DNA Testing – A stuggle

I was reading my friend’s, “The Legal Genealogist”, blog post: Big Sale and Big Y and thought I would take a moment to share my experience.

A couple of years ago, I did a Y-DNA test from Ancestry.com and got the results and details. Haplagroup J2A was the results and took “my line” back 10,000 years, or some out of this world number. All I want is back to about 1650. So that didn’t do anything for me.

I then found that my Surname has a DNA Project on Family Tree DNA, so at my expense, transferred my results over to FT-DNA. I even had to talk to the FT-DNA folks at a conference to make that all happen. Very nice folks there, very helpful. When the results finally were posted, I have 3 “new” cousins. Actually, I knew one of them, talked to him on the phone, and found that we descend from the same son of Capt. John Worthington. The other 2 people are cousins, one of which had 2 surnames as part of his name, so there was not doubt about the connection. BUT, there was NOT a “hit” across the pond. That is, no one from the UK matching the J2A. So, I let it sit for a couple of years. In fact, it hasn’t changed.

So, Ancestry.com came up with New and Improved DNA testing. I get “cousin” hits several times a week, for 5th to 8th cousin’s. Wow, gonna find something here, even had a couple of closer cousins in these results.

You are supposed to be able to compare your Ancestry Member Tree (AMT) to these “hits” / cousin hits, so I have been keeping my AMT up to date, so that I can compare.

Looking at these other AMTs has been very disappointing. Very, very few common surnames, and only location matches to a state, no closer.

Here is the view that I received:


50% Scandinavian ?????? That’s no where close to J2A.

27% Irish ??? A great-grandmother married an Irishman, in fact I carry his surname as the name most of you know me by. No blood link there.

But the kicker is 5% Great Britain. All of the published genealogies of the Worthington Surname gets back to the 1300’s in England. 5% ???

There is something that I must be totally missing here and am certainly NOT spending any more money on DNA testing. I am struggling to understand the two sets of test results from Ancestry.com. Now, I do accept “new technology”, but there should at least be some common ground for the two sets of tests.

I have blogged about this before: News at 11: Just found out that my “brick wall” may now be a ” black sheep”

So, Judy, of The Legal Genealogist, lets talk. I guess my real question here is, how close do “the numbers” have to be, in the y-DNA testing. to be considered “cousins”? Is it possible that the notion in that previous blog post might be worth looking into?

5 Responses to DNA Testing – A stuggle

  1. You’re comparing apples (your YDNA results) with oranges (the autosomal, or AncestryDNA results), Russ. That’s why this looks like fruit salad! The new AncestryDNA tests are comparing DNA that comes from your Mom’s line as well as your Dad’s, from your maternal grandmother, as well as your paternal grandmother, and isn’t necessarily the Worthington line at all.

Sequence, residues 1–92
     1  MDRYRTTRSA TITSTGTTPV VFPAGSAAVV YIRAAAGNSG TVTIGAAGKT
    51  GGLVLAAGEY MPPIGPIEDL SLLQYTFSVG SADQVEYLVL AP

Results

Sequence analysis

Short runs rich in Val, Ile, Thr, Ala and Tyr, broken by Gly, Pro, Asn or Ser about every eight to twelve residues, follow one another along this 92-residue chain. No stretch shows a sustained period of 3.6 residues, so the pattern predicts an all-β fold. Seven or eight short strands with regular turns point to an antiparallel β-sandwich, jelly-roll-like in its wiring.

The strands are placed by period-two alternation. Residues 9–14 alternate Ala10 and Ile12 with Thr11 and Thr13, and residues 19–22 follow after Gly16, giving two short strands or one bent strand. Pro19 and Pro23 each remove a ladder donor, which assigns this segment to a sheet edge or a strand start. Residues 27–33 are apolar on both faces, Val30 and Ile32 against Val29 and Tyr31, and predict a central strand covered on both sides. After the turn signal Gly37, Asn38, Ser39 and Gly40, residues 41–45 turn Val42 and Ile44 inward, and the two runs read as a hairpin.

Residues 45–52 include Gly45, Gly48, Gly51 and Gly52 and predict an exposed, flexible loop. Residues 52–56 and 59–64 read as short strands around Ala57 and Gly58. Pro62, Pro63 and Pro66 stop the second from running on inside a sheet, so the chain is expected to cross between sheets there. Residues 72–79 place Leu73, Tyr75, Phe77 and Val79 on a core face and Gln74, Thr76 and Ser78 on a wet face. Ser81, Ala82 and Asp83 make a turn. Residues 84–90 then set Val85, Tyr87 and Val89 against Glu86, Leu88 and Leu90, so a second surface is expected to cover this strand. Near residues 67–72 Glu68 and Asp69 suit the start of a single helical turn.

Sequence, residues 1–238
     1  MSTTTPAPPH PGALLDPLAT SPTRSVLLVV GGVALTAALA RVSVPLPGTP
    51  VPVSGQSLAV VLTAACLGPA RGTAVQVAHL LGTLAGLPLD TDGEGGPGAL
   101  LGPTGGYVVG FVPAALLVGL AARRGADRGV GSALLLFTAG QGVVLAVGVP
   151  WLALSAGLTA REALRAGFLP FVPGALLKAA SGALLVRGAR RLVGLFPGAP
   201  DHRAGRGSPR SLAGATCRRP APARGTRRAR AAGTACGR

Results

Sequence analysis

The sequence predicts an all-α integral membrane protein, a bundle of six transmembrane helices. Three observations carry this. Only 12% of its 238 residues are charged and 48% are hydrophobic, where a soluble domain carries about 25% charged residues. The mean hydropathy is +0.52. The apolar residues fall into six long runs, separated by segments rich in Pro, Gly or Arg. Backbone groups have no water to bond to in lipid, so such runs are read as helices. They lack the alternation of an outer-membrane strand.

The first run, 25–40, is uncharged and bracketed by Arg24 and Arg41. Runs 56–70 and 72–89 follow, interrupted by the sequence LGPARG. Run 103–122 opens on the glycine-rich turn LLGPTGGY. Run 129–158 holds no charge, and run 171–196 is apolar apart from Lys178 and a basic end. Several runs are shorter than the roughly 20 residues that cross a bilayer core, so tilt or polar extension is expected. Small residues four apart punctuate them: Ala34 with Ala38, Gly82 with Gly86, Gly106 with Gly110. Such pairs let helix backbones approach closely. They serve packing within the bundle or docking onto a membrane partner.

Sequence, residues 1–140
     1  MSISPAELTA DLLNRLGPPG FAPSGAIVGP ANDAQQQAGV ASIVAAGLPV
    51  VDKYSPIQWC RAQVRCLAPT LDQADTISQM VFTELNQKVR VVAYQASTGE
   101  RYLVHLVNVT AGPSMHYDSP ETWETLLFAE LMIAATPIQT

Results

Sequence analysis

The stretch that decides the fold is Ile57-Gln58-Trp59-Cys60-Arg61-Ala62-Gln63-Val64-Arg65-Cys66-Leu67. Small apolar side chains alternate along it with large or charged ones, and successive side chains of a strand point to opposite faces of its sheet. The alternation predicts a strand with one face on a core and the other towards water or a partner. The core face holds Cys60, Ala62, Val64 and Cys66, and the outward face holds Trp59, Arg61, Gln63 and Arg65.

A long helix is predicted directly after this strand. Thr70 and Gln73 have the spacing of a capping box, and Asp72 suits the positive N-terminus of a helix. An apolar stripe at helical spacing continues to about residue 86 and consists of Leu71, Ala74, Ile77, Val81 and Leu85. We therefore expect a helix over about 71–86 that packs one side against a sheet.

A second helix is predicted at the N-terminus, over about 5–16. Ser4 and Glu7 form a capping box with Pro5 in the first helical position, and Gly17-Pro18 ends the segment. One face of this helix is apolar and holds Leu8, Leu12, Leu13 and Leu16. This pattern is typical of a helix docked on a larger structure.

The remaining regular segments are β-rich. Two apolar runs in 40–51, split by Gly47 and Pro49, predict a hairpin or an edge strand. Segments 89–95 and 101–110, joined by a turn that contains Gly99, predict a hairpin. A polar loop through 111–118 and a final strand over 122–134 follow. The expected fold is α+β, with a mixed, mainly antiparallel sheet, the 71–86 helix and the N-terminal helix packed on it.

• Russ Worthington says:


      Oh, I got that, which is why I have my entire line in my AMT and look across all of my information for those connections in the AncestryDNA results. Even my mother’s line, back about the same as my Dad’s is in Great Britain.

      I viewed the two tests as Apples and Bark from an old tree.

      It’s been many generations that my lines have been on this side of the pond. All I want is a connection to ONE person about 1650. I thought the yDNA from AncestryDNA and the numbers over to FT-DNA would help with that piece, but it’s not working.

      That is another reason I thought that the “new and improved” AncestryDNA was going to help. BUT, it’s thrown more cold water on many “Worthington” genealogies. That 5% Great Britain, is what I really don’t get.

      I need to catch up with one of your DNA presentations soon.

      Thank you,


  2. Jade says:

    There’s a lot of confusion bred of comparing test results of people being tested today.

    Consider the historical error built in to emphasis on people who have lived in X place for 4 generations as indicating *origin* in Central Europe or East Africa. That goes back to about the year 1900. But what about the previous action-packed 5000 years, the rise and fall of kingdoms and empires? Consider the histories of the Vikings/Rus, of the Romans (importing Legionaries into Britain who were from all over Europe and even Eurasia), of the Normans, of the Celts.

    And recent studies are shedding a lot of light on population migrations both Eastward and Westward through all of Asia.

    This field of relational DNA is in its infancy and needs much more sophisticated correlations with population histories.

  3. Jana Last says:


    I want to let you know that your blog post is listed in today’s Fab Finds at http://janasgenealogyandfamilyhistory.blogspot.com/2013/11/follow-friday-fab-finds-for-november-22.html

    Have a great weekend!

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